“… if the authors are indeed correct in their estimation, this might mean SARS-COV-2’s infection rate (IFR) would need to be revised downward yet again. If 80% of those infected really do not produce antibodies then there is a live possibility the virus is present in many more people than usually supposed. Which would in turn potentially reduce the IFR, possibly considerably.
In the early stages, the World Health Organization (WHO) estimated the virus’ IFR to be as high as 3.4%. The models based on those numbers have, however, been shown to be wildly inaccurate …
Dissenting experts7 appear to have been vindicated by the serological studies, using blood tests looking for Sars-Cov-2 antibodies done across different populations all over the world, which routinely suggest that the IFR is closer to 0.3%8 than the WHO’s initial figure of 3.4%.
From Japan to Iceland to Los Angeles, the numbers returned were between 0.06 and 0.4. Within the range of seasonal influenza. As a result of these studies, the U.S. CDC’s most recent ‘estimated IFR’ is between 0.26% and 0.4%.9 Roughly 1/10th of the initial estimates.”
Innate and Adaptive Immunity
For clarity, it’s important to realize you have two types of immunity. Your innate immune system is primed and ready to attack foreign invaders at any moment and is your first line of defense. Your adaptive immune system,10 on the other hand, “remembers” previous exposure to a pathogen and mounts a response when an old foe is recognized.
Your adaptive immune system is further divided into two arms: humoral immunity (B cells) and cell mediated immunity (T cells). The B cells and T cells are manufactured as needed from specialized stem cells. The graphs below are from my Vitamin D document and will help you understand the components of these systems and their timing.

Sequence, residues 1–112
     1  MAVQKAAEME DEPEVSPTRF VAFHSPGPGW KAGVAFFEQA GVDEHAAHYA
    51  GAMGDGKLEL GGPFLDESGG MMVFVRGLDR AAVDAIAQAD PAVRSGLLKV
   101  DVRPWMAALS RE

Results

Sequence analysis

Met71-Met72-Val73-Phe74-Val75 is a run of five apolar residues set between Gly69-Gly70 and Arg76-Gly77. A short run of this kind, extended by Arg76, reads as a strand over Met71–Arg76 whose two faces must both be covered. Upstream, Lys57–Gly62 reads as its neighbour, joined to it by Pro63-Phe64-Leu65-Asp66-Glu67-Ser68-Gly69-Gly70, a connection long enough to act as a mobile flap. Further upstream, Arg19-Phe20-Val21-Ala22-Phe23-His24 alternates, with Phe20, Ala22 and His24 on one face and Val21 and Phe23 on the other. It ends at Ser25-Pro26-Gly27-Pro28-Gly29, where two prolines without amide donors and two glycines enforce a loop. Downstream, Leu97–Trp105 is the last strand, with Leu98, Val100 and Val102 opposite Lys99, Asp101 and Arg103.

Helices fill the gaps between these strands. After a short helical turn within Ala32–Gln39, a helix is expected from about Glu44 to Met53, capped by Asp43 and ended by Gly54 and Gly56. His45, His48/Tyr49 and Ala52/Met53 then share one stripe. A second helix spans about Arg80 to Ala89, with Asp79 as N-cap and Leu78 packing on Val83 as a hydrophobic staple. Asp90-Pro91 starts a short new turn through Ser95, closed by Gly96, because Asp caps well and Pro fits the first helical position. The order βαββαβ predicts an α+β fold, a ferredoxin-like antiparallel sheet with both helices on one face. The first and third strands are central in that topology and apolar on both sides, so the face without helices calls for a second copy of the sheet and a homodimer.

If you have never been exposed to a disease but are given antibodies from someone who got sick and recovered, you can gain humoral immunity against that disease. Your humoral immune system can also kick in if there’s cross-reactivity with another very similar pathogen.
In the case of COVID-19, there’s evidence11 to suggest exposure to other coronaviruses that cause the common cold can confer immunity against SARS-CoV-2.
Majority Resistant to COVID-19 Even Without Exposure
One such study12,13 was published May 14, 2020, in the journal Cell. It found 70% of samples obtained by the La Jolla Institute for Immunology from patients who had recovered from mild cases of COVID-19 had resistance to SARS-CoV-2 on the T-cell level.
Curiously, 40% to 60% of people who had not been exposed to SARS-CoV-2 also had resistance to the virus on the T-cell level. According to the authors, this suggests there’s “cross-reactive T cell recognition between circulating ‘common cold’ coronaviruses and SARS-CoV-2.” In other words, if you’ve recovered from a common cold caused by a particular coronavirus, your humoral immune system may activate when you encounter SARS-CoV-2, thus rendering you resistant to COVID-19.